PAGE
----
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Old 12-20-2011, 03:25 PM   #1
Jan 2011
Bethlehem, PA
Posts: 233
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So, as of 2 days ago I was notified that I am attending a BJCP course starting January 7th. I'm super excited! The class is full enough for them to have a waiting list, and only the top 12 students get to sit for the exam (quizzes will be given weekly, and top scorers overall get to sit). The competition is a little scary, but I'm pretty confident - I've always tested well.

The part I'm most nervous about is the tasting portion - I can usually say whether or not something is good or bad, but I have never had such a discerning palette to say "I taste boysenberries, wet grass, peat, with hints of vanilla and clove" or things you hear professionals say. I'm hoping they're not expecting that sort of an analysis.

So, any advice from BJCP certified folks on what to expect or things to improve my chances? I went on their website and got all of the PDF materials, and have printed them to study ahead of time. I'm also re-reading Palmer's How to Brew.

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Old 12-20-2011, 03:31 PM   #2
Bensiff's Avatar
Mar 2008
, Washington, the state
Posts: 4,944
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I've read up on it pretty solidly, but never taken any actual coursework as I don't have enough free time for such endeavors...maybe someday.

But, when it comes to tasting remember it is subjective. When someone says they taste certain flavors they are not saying they taste an actual ingredient just hints of a flavor they are familiar with (obviously sometimes you do taste the actual ingredient as some folks toss in boysenberries, vanilla, or cloves into a brew). If you are really worried about this I would get Zymurgy and go to the calibration sections and buy the beers and taste them while reading that section so you get the benefit of a pro walking you through a tasting. I've done enough wine tastings that I have figured it out somewhat well, it takes time and practice, but once you have it its not too scary.

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Old 12-20-2011, 03:51 PM   #3
Dec 2008
Yankee Hill, CA
Posts: 1,541
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I took a course this year, and it was a lot of fun. It turned into more of a Beer Appreciation class than anything for me. But it did give me the confidence to volunteer for some judging, since I felt like I could give some good feedback on the scoresheets. I'll most likely take the course again next year and do the exam this time. Sounds like your class might be a little on the big side, but hopefully your sessions will be long enough that you can have good discussions about the beers you're tasting. IMO that's where you learn the most.

Congrats and Enjoy!
Kegged: NADA
Bottled: Blackberry Mead
Primary #1:IPA
Primary #2:
On Deck: Pilsener, Brown, Barleywine, Coffee Porter

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Old 12-20-2011, 03:57 PM   #4
EdWort's Avatar
Jul 2006
Bee Cave, Texas
Posts: 11,912
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Originally Posted by msarro View Post
So, any advice from BJCP certified folks on what to expect or things to improve my chances? I went on their website and got all of the PDF materials, and have printed them to study ahead of time. I'm also re-reading Palmer's How to Brew.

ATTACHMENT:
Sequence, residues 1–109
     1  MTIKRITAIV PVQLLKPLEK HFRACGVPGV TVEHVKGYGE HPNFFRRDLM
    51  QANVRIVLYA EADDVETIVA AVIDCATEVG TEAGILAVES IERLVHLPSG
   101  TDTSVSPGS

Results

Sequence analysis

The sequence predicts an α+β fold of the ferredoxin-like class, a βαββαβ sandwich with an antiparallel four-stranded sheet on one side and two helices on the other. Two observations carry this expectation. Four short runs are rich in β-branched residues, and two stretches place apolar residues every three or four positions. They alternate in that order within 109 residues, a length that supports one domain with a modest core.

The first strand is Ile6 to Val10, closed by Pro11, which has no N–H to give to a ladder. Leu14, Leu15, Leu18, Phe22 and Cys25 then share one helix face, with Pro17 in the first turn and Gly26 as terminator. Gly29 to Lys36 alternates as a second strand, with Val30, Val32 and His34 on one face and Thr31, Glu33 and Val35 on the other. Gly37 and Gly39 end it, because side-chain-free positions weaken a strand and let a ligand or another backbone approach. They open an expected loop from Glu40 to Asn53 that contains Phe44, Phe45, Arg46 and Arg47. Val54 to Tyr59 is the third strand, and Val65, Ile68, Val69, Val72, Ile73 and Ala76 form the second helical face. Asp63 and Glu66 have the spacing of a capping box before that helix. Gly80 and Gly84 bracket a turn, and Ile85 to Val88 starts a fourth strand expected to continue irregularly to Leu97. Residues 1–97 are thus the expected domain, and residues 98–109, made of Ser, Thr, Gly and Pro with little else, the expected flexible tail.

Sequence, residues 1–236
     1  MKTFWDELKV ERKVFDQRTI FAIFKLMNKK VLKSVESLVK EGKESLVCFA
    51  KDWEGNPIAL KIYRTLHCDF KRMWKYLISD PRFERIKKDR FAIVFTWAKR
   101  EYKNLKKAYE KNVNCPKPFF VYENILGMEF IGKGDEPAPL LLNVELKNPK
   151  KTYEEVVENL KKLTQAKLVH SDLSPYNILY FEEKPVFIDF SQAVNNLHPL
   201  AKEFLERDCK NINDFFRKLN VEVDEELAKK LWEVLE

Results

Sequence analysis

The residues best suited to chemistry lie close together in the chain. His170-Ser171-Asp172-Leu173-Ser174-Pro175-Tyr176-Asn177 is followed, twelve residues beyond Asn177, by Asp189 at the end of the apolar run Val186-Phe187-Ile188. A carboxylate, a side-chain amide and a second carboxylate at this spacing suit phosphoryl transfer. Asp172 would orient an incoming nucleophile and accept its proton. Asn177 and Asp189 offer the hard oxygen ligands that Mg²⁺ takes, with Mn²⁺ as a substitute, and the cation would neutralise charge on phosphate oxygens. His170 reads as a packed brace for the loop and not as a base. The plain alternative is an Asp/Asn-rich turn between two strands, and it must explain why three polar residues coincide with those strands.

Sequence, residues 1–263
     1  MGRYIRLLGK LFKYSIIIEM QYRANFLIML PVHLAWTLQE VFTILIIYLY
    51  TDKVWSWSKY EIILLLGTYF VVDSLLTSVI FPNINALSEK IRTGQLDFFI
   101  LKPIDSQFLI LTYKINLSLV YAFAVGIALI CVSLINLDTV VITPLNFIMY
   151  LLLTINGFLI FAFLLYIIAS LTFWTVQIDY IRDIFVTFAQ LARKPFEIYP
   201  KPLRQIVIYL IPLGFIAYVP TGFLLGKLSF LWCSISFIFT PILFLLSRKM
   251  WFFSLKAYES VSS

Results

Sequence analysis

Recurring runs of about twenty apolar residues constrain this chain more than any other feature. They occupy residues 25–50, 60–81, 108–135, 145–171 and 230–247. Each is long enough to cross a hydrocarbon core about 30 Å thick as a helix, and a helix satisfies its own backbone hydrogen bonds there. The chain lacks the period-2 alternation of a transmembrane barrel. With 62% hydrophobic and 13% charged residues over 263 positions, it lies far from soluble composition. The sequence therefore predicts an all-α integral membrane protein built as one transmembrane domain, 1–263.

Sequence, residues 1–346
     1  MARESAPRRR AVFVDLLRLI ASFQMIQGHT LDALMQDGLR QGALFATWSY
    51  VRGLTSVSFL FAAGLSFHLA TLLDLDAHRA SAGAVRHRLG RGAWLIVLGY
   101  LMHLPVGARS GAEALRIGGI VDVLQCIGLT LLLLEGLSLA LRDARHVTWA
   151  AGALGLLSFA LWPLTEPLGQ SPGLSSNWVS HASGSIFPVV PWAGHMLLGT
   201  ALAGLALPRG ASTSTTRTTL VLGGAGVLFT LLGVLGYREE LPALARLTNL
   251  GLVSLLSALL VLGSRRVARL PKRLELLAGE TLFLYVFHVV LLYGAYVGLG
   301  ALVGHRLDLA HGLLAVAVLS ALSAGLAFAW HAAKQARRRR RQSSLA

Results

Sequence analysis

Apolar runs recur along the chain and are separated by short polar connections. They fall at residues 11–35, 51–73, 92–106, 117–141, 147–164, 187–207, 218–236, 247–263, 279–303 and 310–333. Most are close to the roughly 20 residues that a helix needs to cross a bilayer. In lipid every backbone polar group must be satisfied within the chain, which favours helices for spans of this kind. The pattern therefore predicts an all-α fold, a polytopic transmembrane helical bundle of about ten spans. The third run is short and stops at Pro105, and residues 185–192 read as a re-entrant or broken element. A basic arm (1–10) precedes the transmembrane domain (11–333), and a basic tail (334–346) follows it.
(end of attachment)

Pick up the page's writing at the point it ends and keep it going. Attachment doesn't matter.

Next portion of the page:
Read Read Read, Study Study Study.

Flash cards help.

Also try to sample the classic examples for each style. Having a pallet for the styles will help in the exam.

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Old 12-20-2011, 05:54 PM   #5
Apr 2011
Chino, CA
Posts: 296
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How would one find out about a local class?
Bottled: Udder Nonsense Milk Stout, Off Your Rocker Cider
Keg #1: Udder Nonsense Milk Stout
Keg #2: Explosive IPA
Keg #3: Explosive IPA
Keg #4: Nothing
Fermenting: Nothing
Next On Deck: Maibock?
Brewed in 2012: 65 gallons
Brewed in 2013: 55 gallons
Brewed in 2014: 25 gallons

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Old 12-20-2011, 07:12 PM   #6
GoNova's Avatar
Sep 2008
Posts: 125
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I took this exact class at Keystone last year. Andy Hejl (national - soon to be master - BJCP judge) teaches it and is GREAT. Just like anything else, you will only benefit as much as you are willing to invest. If you simply show up to class, you will learn a little and may or may not make the cut to sit for the BJCP exam. I studied for hours each week for the weekly quizzes. It paid off as I learned a TON and I easily passed the BJCP exam.

The great thing about the class is that you taste beers EVERY week (in addition to the lectures). Andy walks you through what you are tasting and what ingredients/processes/errors are causing the taste. In order to score well on the BJCP exam you MUST be able to taste a beer and then correctly evaluate the beer and make ingredient/process recommendations how how to improve the beer. Even with all the training in the course, I didn't do well on this portion of the BJCP exam. It's tough and requires lots of practice to really refine those skills.

My recommendation is to take the class very seriously. If you do, you will learn a ton and make you a better brewer. My goal was to increase my knowledge and become a better brewer. Passing the BJCP exam was just a bonus.

Cheers and good luck! Let me know if you need any other advice.

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